6. In the next to last sentence is 'losotive' a misspelling of 'positive' - or just a term I'm unfamiliar with?

  7. kevin O,
    Yes, indeed. In most of my typos I can at least see how it happened. Not here.
    Thanks, fixed.

  8. Nick:
    Can you do a longer time series on this? Being in 1880 or such?

    Thank you.

  9. Camburn,
    There's a problem that the number of stations with long trends is small, so the map is more patchy. For example, in the just 60 stations post, I looked for rural stations with 90 years of data, and there were just 61. You can look at the map there to see its sparsity. Allowing urban might have doubled the stations.

    But yes, I could do 90 years, say.

  10. Nick:
    I feel like I am a kid in a candy store on your site.

    The reason I asked for a longer term temp trend was to zero in on the region where I live and compare what you would find on a world wide metric verses what the regional anamoly would be.

    The region I live in has not warmed since the 1930's. We have had cool periods, slight warming, then cool and now we are close to the 1930's temps presently.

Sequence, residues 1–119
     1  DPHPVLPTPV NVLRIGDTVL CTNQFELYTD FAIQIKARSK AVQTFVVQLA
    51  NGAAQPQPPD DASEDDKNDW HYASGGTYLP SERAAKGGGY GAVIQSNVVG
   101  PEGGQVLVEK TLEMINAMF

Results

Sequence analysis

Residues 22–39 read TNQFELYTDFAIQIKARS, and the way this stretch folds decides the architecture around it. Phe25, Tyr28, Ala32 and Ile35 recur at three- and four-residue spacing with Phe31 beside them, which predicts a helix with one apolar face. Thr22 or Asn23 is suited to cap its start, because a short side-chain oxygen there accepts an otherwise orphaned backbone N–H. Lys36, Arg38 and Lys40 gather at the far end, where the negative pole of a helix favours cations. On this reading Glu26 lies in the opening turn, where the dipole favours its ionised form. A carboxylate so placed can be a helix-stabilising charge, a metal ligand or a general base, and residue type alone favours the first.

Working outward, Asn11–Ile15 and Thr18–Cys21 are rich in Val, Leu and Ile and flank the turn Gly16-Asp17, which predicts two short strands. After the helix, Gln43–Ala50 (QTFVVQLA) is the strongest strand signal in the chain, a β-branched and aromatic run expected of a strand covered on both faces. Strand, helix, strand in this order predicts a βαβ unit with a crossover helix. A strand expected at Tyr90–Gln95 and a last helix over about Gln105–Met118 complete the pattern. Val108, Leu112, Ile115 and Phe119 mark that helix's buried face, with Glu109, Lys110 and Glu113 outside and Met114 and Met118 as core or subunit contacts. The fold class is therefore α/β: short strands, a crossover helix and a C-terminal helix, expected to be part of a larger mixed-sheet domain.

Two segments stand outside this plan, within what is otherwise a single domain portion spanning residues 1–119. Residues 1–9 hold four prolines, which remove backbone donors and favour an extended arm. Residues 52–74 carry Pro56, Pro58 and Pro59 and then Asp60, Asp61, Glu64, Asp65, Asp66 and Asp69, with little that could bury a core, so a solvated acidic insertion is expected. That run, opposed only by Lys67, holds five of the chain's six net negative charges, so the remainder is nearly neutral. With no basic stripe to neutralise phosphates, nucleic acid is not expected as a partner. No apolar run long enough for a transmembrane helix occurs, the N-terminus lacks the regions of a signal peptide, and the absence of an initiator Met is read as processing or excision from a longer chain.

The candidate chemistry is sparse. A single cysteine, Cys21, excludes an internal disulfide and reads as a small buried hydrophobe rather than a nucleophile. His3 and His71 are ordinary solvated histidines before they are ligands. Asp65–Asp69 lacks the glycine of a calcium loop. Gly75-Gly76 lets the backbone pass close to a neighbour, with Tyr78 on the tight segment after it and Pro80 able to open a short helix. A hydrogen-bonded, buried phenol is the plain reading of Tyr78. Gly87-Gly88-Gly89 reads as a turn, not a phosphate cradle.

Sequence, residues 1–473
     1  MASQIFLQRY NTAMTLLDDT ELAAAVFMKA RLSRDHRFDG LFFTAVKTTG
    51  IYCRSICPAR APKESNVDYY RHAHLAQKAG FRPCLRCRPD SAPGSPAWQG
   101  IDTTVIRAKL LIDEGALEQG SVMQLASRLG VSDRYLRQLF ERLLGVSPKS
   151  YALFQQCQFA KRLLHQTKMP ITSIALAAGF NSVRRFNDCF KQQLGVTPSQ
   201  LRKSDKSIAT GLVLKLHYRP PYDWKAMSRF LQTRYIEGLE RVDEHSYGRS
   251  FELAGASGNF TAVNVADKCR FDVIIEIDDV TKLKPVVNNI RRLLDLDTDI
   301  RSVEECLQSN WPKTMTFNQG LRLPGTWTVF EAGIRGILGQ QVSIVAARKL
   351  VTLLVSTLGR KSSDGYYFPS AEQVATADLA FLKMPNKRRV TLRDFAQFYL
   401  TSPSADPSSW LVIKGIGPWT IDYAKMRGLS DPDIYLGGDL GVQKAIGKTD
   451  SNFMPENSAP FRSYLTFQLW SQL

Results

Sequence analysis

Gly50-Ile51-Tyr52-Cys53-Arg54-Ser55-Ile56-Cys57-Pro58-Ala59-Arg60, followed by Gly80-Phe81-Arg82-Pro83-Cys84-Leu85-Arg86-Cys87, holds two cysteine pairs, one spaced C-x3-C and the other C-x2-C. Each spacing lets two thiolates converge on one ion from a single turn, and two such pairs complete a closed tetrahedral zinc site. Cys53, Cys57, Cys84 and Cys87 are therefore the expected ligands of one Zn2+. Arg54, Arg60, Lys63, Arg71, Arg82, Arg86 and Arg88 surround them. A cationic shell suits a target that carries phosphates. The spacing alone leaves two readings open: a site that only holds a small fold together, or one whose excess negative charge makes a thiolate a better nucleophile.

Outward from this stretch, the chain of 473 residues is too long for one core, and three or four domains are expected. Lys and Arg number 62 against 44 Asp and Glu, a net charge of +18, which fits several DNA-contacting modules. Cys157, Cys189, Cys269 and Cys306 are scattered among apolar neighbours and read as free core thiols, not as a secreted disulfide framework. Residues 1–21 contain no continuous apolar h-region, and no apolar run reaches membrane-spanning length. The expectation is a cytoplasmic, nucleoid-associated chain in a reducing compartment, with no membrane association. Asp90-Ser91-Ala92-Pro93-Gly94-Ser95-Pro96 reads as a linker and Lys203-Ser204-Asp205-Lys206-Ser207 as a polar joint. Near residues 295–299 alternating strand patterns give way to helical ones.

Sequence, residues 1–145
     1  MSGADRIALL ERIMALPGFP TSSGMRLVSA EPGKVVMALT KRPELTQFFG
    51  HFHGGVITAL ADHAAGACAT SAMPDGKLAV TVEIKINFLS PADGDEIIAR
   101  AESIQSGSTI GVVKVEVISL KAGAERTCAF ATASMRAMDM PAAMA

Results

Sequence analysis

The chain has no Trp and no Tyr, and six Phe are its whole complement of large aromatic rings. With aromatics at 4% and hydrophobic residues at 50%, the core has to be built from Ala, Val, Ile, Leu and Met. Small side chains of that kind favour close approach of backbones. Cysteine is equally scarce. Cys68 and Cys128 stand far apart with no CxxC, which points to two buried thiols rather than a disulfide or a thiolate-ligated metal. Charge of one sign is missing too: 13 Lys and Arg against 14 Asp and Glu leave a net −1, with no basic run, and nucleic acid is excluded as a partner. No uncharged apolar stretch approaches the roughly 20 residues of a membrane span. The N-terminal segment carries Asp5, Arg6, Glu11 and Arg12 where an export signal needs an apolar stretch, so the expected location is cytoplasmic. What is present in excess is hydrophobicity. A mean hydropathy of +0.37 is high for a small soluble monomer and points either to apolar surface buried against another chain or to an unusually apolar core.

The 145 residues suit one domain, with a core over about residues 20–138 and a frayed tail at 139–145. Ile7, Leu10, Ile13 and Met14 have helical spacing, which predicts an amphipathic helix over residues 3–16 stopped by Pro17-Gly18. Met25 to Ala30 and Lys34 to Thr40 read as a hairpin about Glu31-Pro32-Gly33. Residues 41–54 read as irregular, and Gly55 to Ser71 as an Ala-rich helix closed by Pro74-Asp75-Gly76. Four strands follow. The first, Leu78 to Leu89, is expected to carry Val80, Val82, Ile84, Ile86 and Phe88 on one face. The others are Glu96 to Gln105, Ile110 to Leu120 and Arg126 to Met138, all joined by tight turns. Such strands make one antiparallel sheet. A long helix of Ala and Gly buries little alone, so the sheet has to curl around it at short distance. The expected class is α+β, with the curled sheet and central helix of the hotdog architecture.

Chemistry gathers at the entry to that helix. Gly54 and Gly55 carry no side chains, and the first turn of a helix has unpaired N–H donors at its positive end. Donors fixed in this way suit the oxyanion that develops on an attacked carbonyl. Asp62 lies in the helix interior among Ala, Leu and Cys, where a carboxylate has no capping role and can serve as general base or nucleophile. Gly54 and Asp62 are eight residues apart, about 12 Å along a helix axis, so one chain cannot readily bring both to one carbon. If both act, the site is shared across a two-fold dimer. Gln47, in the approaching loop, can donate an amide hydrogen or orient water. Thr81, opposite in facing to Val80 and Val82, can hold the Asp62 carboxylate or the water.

Upper mid west USA.

  11. The map seems warm-biased. Wouldn't it be better to show temperatures on a scale relative to the median. The map does not reveal zones that normally trend warmer or cooler. The U.S. for instance is probably an over-contributor to warming, as would be Australia's Simpson Desert. Most of Earth's population exists between 40 degrees south and north latitude; these are the latitudes most affected by El Nino - La Nina; the Pacific Decadal oscillation and so on; it is also (roughly) the zones where the longest thermometer records and the most thermometers are located. On the global map there are also many grids where there are no permanent, nor historical measurements. I'm unconvinced that warming is not related to climate phases and population concentrations.